Every Texas criminal defendant has the right to a trial by jury. This includes criminal allegations of domestic violence, or “family violence” as it is known in the Penal Code. A key element of a jury trial is that the judge must properly instruct jurors on the applicable law of each alleged offense. This means that in cases where domestic violence is just one of many charges, the jury must be separately instructed as to the legal standard of guilt for each specific charge. Additionally, the judge must instruct the jury on how to assess any affirmative defenses raised by the defendant.
Appeals Court Throws Out Domestic Violence and Related Convictions
A common affirmative defense in domestic violence cases is self-defense. For example, if there is a physical altercation between two spouses or partners, the defendant may argue at trial that the other person actually initiated the confrontation. Self-defense is permitted as an affirmative defense in Texas provided the defendant admits to the alleged act and produces additional evidence in support of their claim.
In a recent case, Alcoser v. State, a Texas appeals court actually threw out a domestic violence conviction because the judge failed to properly instruct the jury on self-defense. Indeed, the appeals court found the judge’s overall instructions to the jury problematic and threw out two other convictions arising from the same incident. The court also chided the prosecutor in the case for making “confusing and erroneous” statements to the jury during opening arguments.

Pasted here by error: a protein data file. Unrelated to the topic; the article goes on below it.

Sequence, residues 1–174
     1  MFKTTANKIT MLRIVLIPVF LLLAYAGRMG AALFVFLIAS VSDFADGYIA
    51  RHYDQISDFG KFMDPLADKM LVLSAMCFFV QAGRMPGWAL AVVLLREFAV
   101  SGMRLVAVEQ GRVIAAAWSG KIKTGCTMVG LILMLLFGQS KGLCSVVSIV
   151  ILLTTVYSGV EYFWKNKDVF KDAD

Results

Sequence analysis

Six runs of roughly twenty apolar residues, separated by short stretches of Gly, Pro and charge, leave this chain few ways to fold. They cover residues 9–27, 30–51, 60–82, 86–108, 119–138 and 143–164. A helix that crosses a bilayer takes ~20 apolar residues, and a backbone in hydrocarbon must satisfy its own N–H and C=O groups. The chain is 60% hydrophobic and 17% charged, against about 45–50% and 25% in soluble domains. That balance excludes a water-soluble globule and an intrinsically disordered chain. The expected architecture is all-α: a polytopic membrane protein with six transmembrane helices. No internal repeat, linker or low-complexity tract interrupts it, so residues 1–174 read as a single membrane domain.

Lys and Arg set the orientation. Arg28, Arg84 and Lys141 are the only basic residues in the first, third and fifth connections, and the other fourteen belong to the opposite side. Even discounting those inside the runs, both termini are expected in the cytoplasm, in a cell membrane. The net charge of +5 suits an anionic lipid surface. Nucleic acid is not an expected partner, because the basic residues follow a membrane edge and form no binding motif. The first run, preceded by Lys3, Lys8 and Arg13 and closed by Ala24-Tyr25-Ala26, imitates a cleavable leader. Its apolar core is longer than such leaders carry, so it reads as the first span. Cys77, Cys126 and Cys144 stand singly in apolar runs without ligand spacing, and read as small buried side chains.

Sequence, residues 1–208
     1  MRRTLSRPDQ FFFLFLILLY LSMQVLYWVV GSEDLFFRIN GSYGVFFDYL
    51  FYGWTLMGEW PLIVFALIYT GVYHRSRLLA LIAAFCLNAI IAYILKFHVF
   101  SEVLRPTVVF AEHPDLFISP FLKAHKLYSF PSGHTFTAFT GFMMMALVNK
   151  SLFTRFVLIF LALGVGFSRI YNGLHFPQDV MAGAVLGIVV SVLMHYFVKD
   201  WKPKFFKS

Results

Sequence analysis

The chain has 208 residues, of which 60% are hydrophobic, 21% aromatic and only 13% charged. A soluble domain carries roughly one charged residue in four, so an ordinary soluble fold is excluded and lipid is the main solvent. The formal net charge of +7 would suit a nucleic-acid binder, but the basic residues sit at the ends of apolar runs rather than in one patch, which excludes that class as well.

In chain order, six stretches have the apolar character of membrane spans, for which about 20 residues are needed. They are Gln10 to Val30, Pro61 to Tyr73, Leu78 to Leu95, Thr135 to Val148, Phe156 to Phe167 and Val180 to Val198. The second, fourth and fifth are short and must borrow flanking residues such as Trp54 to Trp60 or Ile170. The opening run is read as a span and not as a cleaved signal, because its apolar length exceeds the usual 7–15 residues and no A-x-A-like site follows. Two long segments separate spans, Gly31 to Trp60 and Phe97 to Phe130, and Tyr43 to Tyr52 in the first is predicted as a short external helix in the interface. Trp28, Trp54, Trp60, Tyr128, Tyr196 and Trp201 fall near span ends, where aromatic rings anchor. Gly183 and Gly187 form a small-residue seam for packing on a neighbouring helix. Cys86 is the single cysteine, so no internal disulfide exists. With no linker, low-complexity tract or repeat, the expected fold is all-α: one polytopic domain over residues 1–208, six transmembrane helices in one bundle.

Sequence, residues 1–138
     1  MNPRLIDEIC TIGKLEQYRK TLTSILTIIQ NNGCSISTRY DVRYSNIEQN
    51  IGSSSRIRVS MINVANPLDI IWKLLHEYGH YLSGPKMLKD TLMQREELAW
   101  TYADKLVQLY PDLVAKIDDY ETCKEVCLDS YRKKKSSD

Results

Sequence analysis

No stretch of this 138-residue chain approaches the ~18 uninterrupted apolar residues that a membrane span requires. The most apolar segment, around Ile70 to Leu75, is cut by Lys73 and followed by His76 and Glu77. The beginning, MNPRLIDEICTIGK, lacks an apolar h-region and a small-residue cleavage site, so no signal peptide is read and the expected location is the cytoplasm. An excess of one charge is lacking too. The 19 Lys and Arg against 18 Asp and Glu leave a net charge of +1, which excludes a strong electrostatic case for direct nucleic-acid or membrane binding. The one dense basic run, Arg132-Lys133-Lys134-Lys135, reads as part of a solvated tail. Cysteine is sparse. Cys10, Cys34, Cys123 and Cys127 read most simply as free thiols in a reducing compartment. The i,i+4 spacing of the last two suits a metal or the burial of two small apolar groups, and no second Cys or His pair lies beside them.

Here is a brief explanation of what happened. The defendant was involved in what was described as an “on-again, off-again relationship” with a woman. The couple had a child together but were living apart. One day, the defendant went to the woman’s apartment when he thought she was not home to gather some of his personal belongings. It turned out the woman was home, and a “physical altercation” ensued.
Prosecutors later brought three criminal charges against the defendant: third-degree felony family violence, endangering a child, and interference with an emergency call. The defendant chose to testify at trial, arguing he acted in self-defense. That is to say, he alleged the woman provoked the physical altercation and that he acted reasonably to defend himself.
The jury found the defendant guilty of all three charges. But as noted above, the appeals court said the jury was never properly instructed. With respect to all three charges, the appeals court said the trial judge did not explain that each offense required proof beyond a reasonable doubt of a different “culpable mental state.” And with respect to the family violence charge, the judge failed to tell jurors they must return a not guilty verdict “should they find the elements of the affirmative defense to be true.” For that matter, the trial judge did not even define certain key legal terms for the jury to enable them to properly consider the self-defense claim.
Speak with a Galveston Domestic Violence Defense Attorney Today
If you are facing criminal domestic violence charges, you have the right to receive a fair trial in accordance with the laws of Texas. A qualified Houston domestic violence defense attorney can help ensure that judges and prosecutors follow the rules. Contact the Law Offices of Tad Nelson & Associates in Houston, Galveston or League City today if you need legal representation. Call (281) 280-0100.